Saturday, August 25, 2012

My Two Cents: The Arkansas Haul

I've decided to keep up with taking notes on CDs as I buy them. I'm listening to all of these at work on my iPod, there's fuck-all expected from me while I'm here, so I have nothing better to do. Also, name dropping a ton of bands that have nothing to do with Mortville brings traffic to my blog from people looking for free downloads that normally would never visit (jokes on you, morons!). It's unusual that I buy this many CDs in such a short span of time, so I'm knocking them all out at once. My wife and I went on vacation in Missouri last month and were only 5 hours away from my grandmother in Arkansas, so we went to visit her again in the hospital after her stroke. The city she lives in is about the same size as our home town, so there's not much to do there. We ended up at Hastings and I picked up a bunch of CDs, all for less than $6.99, most for $3.99. Nobody gives a fuck about CDs these days, so stores are marking them down like crazy. One thing I've noticed over the years, though, is that the Beatles, Pink Floyd and Metallica CDs are always $16.00+ no matter where you find them. Apparently they aren't affected by the deflating value of CDs. There are a few things in this post that came from other places, but for the most part this is my Hastings haul.

ALICE COOPER - "Love it to Death" CD (This is probably my favorite Alice Cooper album. The first two are great because of how strange they are, but this is the first one that sounds like the band they're known for and it's the heaviest, darkest and most raw of the bunch. The second half of this is particularly great. Those last three songs are just about the most powerful moments in Alice's career. I'm happy to finally have a legit copy of this.)

ANTHRAX - "Among the Living" CD (While on vacation last week I picked this and a bunch of other stuff up at a Hastings in Arkansas because they were too cheap to pass up. Arguably the best Anthrax album. It's the first one I heard and I owned it in both cassette and LP before buying this CD. I remember not liking Joey's vocals the first time I heard Anthrax, but he's my favorite of the three they've had. That lovely Megaforce crunch is ever present and these are some of the best songs Anthrax recorded. I really like how loud the bass is in the mix, it really thumps throughout. That Alex Perialis knew his shit. It's been several years since I last listened to this, but I've heard it enough times in my youth to remember every lyric today. It's like visiting with an old friend, having the same conversation we've had hundreds of times, but somehow never getting old. This must be an old CD, though, made before the volume war. I've got my iPod cranked and it's nowhere near loud enough.)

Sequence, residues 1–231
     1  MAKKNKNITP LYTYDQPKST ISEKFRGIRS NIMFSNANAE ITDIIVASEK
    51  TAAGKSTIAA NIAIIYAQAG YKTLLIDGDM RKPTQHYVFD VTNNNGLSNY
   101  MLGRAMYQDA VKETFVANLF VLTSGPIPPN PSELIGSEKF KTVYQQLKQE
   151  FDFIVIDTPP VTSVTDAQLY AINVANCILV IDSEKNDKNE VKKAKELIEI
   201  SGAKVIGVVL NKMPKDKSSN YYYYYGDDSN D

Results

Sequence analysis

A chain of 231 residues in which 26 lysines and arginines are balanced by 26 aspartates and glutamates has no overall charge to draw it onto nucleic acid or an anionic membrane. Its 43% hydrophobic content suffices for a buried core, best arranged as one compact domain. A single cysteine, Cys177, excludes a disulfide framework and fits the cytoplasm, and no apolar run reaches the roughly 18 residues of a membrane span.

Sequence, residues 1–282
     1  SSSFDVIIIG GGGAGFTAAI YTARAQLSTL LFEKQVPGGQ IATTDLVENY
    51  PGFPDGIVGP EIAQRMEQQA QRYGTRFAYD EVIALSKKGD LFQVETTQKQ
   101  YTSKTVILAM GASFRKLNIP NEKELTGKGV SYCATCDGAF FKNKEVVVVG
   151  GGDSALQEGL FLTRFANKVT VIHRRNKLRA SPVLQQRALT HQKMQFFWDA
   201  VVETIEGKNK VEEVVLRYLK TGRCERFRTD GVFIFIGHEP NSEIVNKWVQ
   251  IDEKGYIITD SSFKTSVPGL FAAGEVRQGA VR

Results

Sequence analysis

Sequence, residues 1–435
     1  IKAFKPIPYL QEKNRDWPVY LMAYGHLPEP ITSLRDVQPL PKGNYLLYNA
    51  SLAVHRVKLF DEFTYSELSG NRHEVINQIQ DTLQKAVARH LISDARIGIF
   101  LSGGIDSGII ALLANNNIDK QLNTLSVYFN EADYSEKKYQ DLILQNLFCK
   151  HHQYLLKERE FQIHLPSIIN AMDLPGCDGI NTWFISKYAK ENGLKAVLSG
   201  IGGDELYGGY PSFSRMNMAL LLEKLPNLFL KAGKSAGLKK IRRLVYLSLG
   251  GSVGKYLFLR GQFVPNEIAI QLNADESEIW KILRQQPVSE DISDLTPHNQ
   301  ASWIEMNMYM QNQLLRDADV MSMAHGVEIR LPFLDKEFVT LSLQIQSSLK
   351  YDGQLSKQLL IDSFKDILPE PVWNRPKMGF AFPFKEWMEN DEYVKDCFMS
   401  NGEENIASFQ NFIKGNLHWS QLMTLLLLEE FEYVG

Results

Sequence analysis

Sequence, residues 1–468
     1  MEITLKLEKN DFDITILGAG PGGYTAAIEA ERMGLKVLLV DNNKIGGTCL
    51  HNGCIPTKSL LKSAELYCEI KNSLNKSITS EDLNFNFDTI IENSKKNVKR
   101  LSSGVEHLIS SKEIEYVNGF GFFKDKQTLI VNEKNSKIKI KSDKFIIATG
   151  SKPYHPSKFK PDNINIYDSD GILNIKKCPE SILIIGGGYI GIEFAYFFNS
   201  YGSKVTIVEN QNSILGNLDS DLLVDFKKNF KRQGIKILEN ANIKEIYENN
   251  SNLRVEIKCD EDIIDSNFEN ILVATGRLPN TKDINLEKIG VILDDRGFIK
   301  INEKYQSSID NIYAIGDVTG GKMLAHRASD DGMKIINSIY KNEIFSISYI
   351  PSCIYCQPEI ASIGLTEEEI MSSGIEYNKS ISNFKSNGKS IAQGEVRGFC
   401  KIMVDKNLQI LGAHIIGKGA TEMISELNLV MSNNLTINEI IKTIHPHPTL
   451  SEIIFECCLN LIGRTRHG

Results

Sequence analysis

ANTHRAX - "Persistence of Time" CD (This was the last Anthrax album I heard and liked. When this came out my tastes were shifting towards death metal, but I still really liked this one. Once John Bush joined, I totally lost interest in them. This album is noticeably heavier than the one before, the riffs more aggressive and the production is a bit heavier, too. Because of my changing tastes, I've listened to this one a lot less often than the earlier albums and because of that a lot of these songs are still fairly new to me. That first riff on "Keep it in the Family" sounds fucking close to Overkill's "Drunken Wisdom". I have this album to thank from introducing me to Joe Jackson courtesy of their great cover of "Got the Time". I've been a big fan of Joe since seeking out the original version. Overall this album is still really enjoyable, but less so than the three albums before it.)

ANTHRAX - "Spreading the Disease" CD (Fucking phenomenal album. I go back and forth between this one and "Among the Living" as my favorite Anthrax album, but this one has a sense of melody missing on the rest of their albums. Joey's vocals are at their best here and the songs are so fucking catchy. This is crazy good stuff, great from start to finish.)

ANTHRAX - "State of Euphoria" CD (The volume on this CD is even lower than on "Among the Living". This was released while I was in middle school and was the first current release I bought of theirs as it was released. I still have my cassette copy, but haven't played it since the 90s, easily. The local JC Penny's sold Anthrax t-shirts for some reason, so they were all over my school. It wasn't quite as bad as the WalMart AC/DC thing, but there were way more Anthrax shirts on people's backs than albums in people's music collection. Warmer production than usual on this one, songs are bouncy and "happy" sounding. Maybe it's the approaching Anthrax burnout, but this one didn't age as well as the others.)

COHEN, LEONARD - "Death of a Ladies' Man" CD (I love Leonard's first couple of albums, but didn't venture any further into his catalog for years. I remember reading about the recording of this album in a book about Phil Spector a few years ago; about how Leonard was drunk the whole time and how he was barred from the studio while it was mixed (enforced by armed guards). People universally hated this album when it was released in 1977, but it's since gained an audience because of how tacky and strange it is. It's impossible to break this down and critique it on it's separate flaws. Let's face it, Leonard could never sing, but somehow it worked with the minimal folky records he did. Here he is surrounded by lush arrangements, strings, horns, backing vocals, etc - everything drenched in Spector's beloved reverb. This much instrumentation for vocals that are lousy at best just seems to draw attention to Mr. Cohen's short comings as a singer. Instead of supporting him, it isolates and the whole thing sounds like an elaborate practical joke that's being played on him. I'm sure that wasn't the case and it was just another instance of Spector piling on too many overdubs and ruining yet another record with his wall of sound, but this is dreadful. I'm sure if I forced myself to listen to this a few more times I could learn to appreciate it for its camp value, but I can't be bothered. There's too much good music in the world for me to waste another minute on this turd.)